SPF Characteristics 103: Discoloration Defects

This course will help define terms used within the National Grading Rule in regards to various discolorations within wood.

Syllabus

SPF 103: Stained Sapwood

Sapwood is the outer layers of growth between the bark and the heartwood of a log (Living Cells).   This area of growth may be stained either by exposure to certain kinds of fungi or chemical reactions.  Blue and Brown Stains are two types of discoloration covered within this course.

SPF 103: Blue Stain

Blue Stain, also known as Sap Stain, is a discoloration of the wood caused by sap-staining fungi and can range in color from light gray to blue, or dark blue to purple in severe cases.  The fungi need oxygen, warm temperatures, and wood moisture content above 20% to grow and survive. Sap Stain fungi do not destroy wood fiber therefore do not reduce the strength properties of wood.

SPF 103: Brown Stain

Brown Stain, also known as Coffee Stain, is a non-fungal staining of the wood caused by chemicals already present in the wood.  High moisture content and high relative humidity are precursors to brown stain.  As extractives in the wood undergo enzymatic changes in high relative humidity and high temperature environments, a browning of the wood can occur, it is very similar to the browning of an apple after the inner flesh is exposed to oxygen.  Precursors to brown stain often develop in the log and will become more noticeable during air drying of the lumber; specifically, during hot, humid summer months and it may be exacerbated by unfavorable kiln drying schedules.  Brown stain can range from a very light brown to a chocolate color, and in some instances may even appear pink or reddish-brown.  It is prominent around knots and other areas that are difficult to dry, such as around stickers placed between the wood for drying, or any area that was deprived of adequate air flow and evaporation during drying. Brown Stain is not a strength reducing characteristic.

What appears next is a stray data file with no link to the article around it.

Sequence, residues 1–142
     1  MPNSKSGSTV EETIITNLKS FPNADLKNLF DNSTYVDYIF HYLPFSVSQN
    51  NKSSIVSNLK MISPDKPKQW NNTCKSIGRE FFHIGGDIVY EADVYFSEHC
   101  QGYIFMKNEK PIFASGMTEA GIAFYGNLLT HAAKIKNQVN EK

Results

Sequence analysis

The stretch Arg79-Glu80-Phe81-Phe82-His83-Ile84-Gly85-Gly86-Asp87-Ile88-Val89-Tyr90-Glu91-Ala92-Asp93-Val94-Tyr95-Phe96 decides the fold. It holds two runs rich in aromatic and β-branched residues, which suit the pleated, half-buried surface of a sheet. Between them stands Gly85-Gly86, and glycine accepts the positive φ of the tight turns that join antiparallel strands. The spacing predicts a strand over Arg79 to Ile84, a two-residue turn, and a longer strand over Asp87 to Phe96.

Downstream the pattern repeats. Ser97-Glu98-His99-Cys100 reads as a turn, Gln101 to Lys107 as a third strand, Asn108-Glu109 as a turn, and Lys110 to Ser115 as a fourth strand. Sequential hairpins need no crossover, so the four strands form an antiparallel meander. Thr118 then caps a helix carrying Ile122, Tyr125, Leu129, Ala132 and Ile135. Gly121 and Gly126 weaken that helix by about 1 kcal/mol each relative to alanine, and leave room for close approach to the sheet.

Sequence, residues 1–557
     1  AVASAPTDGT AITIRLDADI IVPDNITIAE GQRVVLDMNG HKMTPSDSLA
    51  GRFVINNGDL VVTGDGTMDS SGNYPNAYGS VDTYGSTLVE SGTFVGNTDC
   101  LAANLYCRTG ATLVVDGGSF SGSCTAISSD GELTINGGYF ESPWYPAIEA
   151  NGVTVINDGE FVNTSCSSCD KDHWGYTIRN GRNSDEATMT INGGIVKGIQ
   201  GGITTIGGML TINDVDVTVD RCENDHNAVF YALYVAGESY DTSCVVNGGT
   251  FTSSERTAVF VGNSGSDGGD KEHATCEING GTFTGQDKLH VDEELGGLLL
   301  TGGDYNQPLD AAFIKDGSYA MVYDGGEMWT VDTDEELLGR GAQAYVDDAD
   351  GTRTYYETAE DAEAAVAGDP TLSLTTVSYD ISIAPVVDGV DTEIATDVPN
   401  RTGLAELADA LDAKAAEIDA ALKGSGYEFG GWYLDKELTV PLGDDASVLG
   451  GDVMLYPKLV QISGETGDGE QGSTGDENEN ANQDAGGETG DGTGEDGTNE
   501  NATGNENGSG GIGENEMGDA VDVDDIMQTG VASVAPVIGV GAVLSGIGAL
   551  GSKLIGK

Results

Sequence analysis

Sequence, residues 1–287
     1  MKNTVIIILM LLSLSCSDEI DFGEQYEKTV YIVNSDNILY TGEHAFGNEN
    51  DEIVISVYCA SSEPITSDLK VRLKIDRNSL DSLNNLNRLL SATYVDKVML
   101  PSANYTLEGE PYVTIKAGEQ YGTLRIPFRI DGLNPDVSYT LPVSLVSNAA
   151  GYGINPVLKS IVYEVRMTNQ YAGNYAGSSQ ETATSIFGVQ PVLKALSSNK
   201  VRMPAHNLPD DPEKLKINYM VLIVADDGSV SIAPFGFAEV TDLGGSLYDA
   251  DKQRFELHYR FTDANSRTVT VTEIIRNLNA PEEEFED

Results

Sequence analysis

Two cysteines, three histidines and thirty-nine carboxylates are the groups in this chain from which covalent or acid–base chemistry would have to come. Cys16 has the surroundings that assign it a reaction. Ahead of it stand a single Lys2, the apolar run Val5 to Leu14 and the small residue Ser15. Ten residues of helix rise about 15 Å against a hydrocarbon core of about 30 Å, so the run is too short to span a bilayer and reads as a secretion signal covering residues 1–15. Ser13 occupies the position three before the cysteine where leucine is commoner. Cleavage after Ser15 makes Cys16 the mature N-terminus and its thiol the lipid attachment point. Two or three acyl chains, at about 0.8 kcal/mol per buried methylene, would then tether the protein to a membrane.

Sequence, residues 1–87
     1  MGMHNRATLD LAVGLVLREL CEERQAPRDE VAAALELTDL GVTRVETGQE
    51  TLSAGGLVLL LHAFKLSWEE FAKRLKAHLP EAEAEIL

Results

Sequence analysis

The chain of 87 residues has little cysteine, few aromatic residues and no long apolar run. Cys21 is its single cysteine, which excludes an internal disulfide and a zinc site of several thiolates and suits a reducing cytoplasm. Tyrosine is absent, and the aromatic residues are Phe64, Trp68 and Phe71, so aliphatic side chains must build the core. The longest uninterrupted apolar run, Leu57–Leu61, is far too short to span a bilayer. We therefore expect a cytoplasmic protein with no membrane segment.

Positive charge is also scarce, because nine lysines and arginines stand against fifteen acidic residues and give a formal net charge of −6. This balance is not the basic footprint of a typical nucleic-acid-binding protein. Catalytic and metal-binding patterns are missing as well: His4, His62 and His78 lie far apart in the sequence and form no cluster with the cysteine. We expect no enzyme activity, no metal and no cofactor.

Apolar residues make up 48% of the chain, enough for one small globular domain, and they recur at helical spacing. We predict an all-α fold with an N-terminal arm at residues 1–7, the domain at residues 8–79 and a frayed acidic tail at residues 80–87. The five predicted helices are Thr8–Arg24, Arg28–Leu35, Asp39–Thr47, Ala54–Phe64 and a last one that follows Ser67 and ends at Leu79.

SPF 103: Stained Heartwood

Heartwood (Heart) is the inner core of the log comprising the annual rings containing non-living cells.  In some species of wood, the heartwood has a prominent color difference than the sapwood, usually darker.

Stained Heartwood and Firm Red Heart are a marked variation from the natural heartwood color.  It ranges from pink to brown and is not to be confused with natural Red Heart.  Natural color is uniformly distributed through the annual rings, whereas stains are usually in irregular patches.  Firm Red Heart is considered a stain and is a stage of incipient decay (will be defined in SPF 104 course), characterized by a reddish color in the heartwood.

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